MA Interim Show

The MA in Art & Material Histories Interim show this year featured student research that spanned a broad range of materials and their contexts.

Sabine Pinon Amoore and Oscar Wilson’s work had much in common in that they share a passion for raw colour.

Sabine Pinon Amoore presented two major works that explored the origins and use of 88 pigments throughout Art History. Ranging from the earliest earthy ochres right up to the most recent industrially produced colours, Sabine’s beautiful display drew from her recent work in Cornelissen’s archive, and combined her own microscopy imagery with pigment powders, modelled molecular structures and beautifully written texts that narrated how, why, when and where specific pigments appear in the history of art. If you want to know anything about pigments in the history of art, Sabine is rapidly becoming one of the UK’s leading experts.

Oscar Wilson’s work introduced us to new and exciting ways we might look at and think about glass and how it functions within the urban environment. Juxtaposing the formal elements of architectural design with expressive mark-making and roughly treated surfaces, Oscar draws us into a world of opacity and reflection in which glass’ status as a symbol of material power is simultaneously asserted and undermined.

Roberta De Caro and Francesca Souza’s work brought us into contact with the materials of the domestic sphere, but in very different ways.

Roberta De Caro’s recent research has been focussed on the impact of domestic violence and how working with materials with our hands can help heal the wounds of trauma. Her project ‘From the Fragment to the Whole’ engaged members of a community of women who have suffered domestic abuse. In one-to-one practical workshops De Caro guided the participants through how to reassemble broken shards of glass into beautiful singular translucent plates that appear as whole but still bear the scars of their shattered pasts. This brilliant project brings together craft, therapy and theory and enables people who might not be able to easily access art and therapy to reflect on their pasts and continue the process of self and shared healing.

Francesca Souza has been researching everything there is to know about the dust in our homes – where it comes from; what it consists of; where is ends up, and the role it plays in the history of art. Reminding us that the vast majority of domestic dust is a left-over of what we once were (dead skin cells, nails, hair etc), Francesca’s research sought to expand the category of dust to include the cast-off objects of cultural history – that which appears in the dark recesses of the museum or in the unopened drawers of the forgotten archive.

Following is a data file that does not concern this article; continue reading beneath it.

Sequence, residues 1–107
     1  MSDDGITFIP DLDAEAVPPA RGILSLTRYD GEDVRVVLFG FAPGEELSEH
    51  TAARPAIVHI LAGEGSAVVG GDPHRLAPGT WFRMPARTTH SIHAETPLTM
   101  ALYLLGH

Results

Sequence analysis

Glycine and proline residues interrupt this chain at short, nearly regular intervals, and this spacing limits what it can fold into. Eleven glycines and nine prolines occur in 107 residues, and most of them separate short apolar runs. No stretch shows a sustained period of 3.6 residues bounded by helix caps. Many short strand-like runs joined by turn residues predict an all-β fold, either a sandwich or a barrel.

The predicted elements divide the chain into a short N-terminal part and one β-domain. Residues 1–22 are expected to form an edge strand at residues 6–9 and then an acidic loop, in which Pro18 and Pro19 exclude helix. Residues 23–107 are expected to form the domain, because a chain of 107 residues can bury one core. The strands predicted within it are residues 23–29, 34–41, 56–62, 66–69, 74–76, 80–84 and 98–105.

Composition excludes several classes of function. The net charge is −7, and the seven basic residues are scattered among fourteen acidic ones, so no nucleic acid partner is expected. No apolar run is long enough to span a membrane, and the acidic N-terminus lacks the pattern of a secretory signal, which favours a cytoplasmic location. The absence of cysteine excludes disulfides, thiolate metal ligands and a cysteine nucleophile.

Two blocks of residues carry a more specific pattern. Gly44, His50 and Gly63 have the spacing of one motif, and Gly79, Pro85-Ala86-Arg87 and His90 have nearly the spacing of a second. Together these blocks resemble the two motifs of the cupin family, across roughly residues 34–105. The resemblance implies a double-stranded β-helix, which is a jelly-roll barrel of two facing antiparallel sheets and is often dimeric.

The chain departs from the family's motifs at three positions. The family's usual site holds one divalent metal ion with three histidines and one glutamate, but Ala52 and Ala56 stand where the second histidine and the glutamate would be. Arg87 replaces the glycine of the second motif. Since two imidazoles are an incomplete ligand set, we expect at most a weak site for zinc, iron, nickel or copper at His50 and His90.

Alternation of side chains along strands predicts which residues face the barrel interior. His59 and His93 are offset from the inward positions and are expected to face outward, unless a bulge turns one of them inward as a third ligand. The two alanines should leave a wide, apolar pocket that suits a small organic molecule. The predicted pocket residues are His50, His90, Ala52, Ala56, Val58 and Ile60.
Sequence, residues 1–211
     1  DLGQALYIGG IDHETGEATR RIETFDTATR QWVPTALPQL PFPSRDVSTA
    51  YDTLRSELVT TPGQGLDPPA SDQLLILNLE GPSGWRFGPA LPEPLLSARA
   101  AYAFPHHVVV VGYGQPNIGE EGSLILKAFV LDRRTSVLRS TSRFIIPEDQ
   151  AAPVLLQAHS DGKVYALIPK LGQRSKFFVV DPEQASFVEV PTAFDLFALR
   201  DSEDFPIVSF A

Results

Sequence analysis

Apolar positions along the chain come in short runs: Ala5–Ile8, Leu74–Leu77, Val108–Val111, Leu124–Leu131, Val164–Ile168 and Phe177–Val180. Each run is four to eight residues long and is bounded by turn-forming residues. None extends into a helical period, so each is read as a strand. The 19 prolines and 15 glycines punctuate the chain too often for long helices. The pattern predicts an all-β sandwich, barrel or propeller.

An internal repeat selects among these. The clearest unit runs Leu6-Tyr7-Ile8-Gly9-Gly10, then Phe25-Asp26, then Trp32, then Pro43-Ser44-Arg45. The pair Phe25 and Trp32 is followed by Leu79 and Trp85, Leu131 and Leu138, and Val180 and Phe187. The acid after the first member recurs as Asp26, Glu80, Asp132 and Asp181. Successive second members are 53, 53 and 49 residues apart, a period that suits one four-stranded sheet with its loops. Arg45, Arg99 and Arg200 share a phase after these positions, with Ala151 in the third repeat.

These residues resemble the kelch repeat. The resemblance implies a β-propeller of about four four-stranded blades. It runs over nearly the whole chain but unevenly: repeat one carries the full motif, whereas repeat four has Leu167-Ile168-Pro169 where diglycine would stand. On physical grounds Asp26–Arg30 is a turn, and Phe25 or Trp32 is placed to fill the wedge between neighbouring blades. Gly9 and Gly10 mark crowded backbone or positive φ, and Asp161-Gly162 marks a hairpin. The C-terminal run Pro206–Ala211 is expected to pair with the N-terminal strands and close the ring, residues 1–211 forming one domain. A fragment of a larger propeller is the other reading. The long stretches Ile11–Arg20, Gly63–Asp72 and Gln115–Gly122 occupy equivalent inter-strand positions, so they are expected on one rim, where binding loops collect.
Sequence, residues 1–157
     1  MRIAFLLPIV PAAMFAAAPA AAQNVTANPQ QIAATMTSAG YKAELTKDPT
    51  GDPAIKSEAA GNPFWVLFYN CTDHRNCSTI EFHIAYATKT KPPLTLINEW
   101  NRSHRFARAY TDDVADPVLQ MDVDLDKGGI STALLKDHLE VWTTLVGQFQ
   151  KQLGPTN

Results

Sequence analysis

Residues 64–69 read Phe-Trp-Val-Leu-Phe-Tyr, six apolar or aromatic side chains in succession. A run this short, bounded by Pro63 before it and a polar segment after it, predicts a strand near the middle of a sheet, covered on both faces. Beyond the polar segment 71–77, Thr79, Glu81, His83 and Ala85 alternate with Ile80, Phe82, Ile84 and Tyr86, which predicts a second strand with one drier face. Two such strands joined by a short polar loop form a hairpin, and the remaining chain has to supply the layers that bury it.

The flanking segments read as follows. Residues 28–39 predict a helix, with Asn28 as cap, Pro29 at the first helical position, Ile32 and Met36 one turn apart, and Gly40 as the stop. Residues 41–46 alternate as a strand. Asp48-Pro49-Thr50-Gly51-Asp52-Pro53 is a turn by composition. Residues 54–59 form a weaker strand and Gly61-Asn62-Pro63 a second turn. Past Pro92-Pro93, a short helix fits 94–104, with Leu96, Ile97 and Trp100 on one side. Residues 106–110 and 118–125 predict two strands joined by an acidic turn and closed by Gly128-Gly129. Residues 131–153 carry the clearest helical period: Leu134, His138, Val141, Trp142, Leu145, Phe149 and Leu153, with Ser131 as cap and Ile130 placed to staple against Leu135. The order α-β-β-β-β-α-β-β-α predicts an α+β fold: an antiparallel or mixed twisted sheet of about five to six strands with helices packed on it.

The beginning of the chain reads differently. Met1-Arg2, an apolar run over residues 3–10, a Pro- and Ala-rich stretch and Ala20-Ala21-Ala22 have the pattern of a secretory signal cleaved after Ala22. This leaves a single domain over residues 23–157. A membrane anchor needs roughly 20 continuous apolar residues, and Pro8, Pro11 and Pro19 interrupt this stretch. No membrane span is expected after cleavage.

Annabelle Moedlinger presented an expanded thesis on the ontology of the seashell. Combining moving image, photography, found objects, written text, sculpture and drawing, Annabelle’s fascinating installation spins us through the spirals of a speculative materialism bringing us into contact with crustaceous life, deep histories, socio-material politics, contemporary visual cultures, the digital and dance.

Matilda Sample has had an intellectual preoccupation with human blood for a while now. Underpinned by a background writing about Aids and Art, Matilda’s recent research explores menstrual blood and the stigmas associated with it. Framed by Feminist art of the 60s and 70s and working across a range of media including textiles, pvc, canvas and the written word, Sample coaxes us in closer to confront our prejudice around this noticeably un-spoken about human-material.

Maddie Hills has been exploring the process of pulping within an exciting and highly original project that looks to termites and termite architectures as a means to think about our relationship to paper and cardboard consumption. Combining strange towering sculptures with collaged found and authored spoken word, sounds and music, Hills builds a swarm of associations that draw connections between certain narratives of late capitalism and insectile behaviour and culture.

The end of year MA Show is planned for October 2021, and we very much look forward to seeing you there! Sign up to receive an invitation.


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